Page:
Christmas with Chris & Mary and Katherine & James was completely different and a big success. At dusk on Christmas Eve our German neighbour called round with a heart shaped chocolate for each of us – a German tradition and very lovely one too. We then began the celebrations proper with a Christmas Eve dinner of salmon and salad – a nod to the local custom of eating fish on this day. This was followed by Katherine’s fabulous chocolate and peanut cheesecake. Wow that was wonderful, especially as we managed to convince ourselves that it was ok to have two helpings because the first course was so healthy.
On Christmas Day we ate, drank and made merry. We sat out in the sun and played silly games whilst eating Katherine’s wonderful tapas starters then, when the afternoon wore on and it began to cool a bit, we took the dogs for a long walk before settling down to two more courses in Chris and Mary’s chalet aka party central. The main course was Portuguese chicken casserole and dessert was Mary’s fabulous home made Christmas pudding. Altogether a thoroughly fine day that didn’t end until about 11 p.m. when the last of the revellers gave in and crawled home to bed.
The rest of the week with Chris and Mary involved walking on beaches, exploring local places, a little culture in Faro and loads of chat and games. We ate some lovely food and drank some very pleasant wine. Who knew that Portuguese wine was so quaffable? One highlight was a visit to the ‘end of the world’ – the most south westerly point on the European mainland at Cape St Vincent. We went on Boxing Day and were sad but not surprised to find that the lighthouse and coffee shop was closed but we were still able to look out over the Atlantic Ocean and explore the high cliffs with views of the amazing rock formations as far as the eye could see. Mary and I were anxious about Chris’s imitation of a mountain goat, especially as there were numerous plaques to remember people who had fallen off in the past.
Being with Chris and Mary for eight days was a real treat. It was wonderful to spend time together away from our usual environment and we were a bit, no a lot, sad to wave them off at the airport. OK, I admit it, I was a bit leaky round the gills when we drove away, leaving them behind to wait for their flight.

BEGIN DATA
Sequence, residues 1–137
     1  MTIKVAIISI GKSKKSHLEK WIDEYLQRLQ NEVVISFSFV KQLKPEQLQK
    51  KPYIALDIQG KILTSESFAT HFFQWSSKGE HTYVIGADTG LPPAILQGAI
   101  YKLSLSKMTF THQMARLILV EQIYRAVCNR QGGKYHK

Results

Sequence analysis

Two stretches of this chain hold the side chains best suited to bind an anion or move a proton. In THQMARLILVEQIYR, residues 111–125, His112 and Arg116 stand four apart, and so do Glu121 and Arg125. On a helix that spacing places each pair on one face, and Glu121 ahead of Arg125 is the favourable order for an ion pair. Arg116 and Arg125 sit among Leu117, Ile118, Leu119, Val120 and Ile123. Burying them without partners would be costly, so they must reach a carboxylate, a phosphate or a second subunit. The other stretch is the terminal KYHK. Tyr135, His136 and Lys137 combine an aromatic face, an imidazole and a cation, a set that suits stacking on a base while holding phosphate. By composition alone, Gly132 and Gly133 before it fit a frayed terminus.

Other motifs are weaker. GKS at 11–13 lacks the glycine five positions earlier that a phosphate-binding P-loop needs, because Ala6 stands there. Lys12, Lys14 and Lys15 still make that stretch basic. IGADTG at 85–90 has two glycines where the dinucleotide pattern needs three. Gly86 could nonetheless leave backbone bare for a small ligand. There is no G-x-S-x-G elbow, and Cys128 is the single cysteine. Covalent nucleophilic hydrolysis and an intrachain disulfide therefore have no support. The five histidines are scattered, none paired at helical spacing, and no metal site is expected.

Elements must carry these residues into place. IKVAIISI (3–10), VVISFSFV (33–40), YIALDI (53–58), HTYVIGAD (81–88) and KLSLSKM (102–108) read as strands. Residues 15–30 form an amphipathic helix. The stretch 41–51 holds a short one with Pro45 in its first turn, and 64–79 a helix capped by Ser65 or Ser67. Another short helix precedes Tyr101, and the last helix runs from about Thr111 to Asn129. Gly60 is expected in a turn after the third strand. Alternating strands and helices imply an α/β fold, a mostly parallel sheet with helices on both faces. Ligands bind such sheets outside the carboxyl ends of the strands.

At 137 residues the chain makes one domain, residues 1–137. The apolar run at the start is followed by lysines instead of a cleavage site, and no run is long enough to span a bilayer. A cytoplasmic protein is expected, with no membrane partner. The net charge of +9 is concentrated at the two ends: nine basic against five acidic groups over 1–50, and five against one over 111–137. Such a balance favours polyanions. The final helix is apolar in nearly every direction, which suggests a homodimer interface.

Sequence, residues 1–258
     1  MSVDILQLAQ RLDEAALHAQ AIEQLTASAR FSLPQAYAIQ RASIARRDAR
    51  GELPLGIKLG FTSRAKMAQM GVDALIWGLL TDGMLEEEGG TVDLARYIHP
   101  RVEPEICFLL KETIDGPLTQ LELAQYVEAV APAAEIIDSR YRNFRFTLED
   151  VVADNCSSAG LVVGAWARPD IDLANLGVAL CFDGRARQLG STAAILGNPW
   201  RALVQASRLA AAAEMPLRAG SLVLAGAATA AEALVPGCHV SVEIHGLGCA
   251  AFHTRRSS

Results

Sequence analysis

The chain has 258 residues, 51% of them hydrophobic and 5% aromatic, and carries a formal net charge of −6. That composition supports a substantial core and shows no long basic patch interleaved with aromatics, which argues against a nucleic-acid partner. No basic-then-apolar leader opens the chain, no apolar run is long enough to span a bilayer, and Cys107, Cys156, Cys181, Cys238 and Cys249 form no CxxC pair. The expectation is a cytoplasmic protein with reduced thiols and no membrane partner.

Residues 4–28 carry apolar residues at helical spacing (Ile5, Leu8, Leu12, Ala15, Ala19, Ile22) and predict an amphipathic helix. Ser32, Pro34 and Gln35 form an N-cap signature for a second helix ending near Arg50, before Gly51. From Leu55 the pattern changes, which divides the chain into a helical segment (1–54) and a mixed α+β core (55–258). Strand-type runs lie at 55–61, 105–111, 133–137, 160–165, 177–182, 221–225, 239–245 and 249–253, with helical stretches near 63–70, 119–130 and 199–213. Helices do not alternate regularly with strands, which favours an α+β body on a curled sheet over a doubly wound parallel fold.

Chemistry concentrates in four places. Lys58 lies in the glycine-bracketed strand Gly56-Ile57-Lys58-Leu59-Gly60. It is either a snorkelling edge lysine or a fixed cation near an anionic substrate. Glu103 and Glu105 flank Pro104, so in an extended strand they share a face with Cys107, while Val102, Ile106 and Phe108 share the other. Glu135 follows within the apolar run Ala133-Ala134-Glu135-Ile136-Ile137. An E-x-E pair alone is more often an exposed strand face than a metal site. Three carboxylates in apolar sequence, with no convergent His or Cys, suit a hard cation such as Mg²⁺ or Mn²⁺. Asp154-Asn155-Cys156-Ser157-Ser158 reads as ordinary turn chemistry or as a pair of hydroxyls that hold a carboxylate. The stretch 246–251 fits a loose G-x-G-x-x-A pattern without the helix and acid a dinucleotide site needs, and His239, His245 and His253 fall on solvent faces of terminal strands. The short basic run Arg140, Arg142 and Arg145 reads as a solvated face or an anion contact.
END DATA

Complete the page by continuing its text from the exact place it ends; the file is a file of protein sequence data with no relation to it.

I was pensive before Christmas and now it’s all over I’ve gone all pensive again. We’re approaching a new year and we’ve been on the road for ten months with only four weeks at home in our house. Katherine & James are full timers and they’ve asked us once or twice what is stopping us from going full time. It’s a good question and one that has given us food for thought. The lifestyle is completely addictive with all the possibilities of new places to visit and new people to meet. On the down side it means that time with family and friends is limited.
In case any of our readers are curious what a full time motorhome living existence would mean in reality I’ll try to explain the difference. Currently we have our house waiting at home in Bathgate ready for us at any time we want to go back. We value that because we love our family and friends and want to see them for at least part of the year. A full timer would either let out their house or perhaps sell it and buy two smaller ones to rent out, giving them extra income and thereby closing the door to going back to bricks and mortar if the urge should take them. Of course there is nothing to stop us being nearby on local sites in the van regularly to visit everyone and they can come to us like Chris and Mary did at Christmas. Eventually, when the travelling bug has finally left, it’s easy enough to either give tenants notice and return home or sell up and buy whatever kind of house or apartment suits your lifestyle.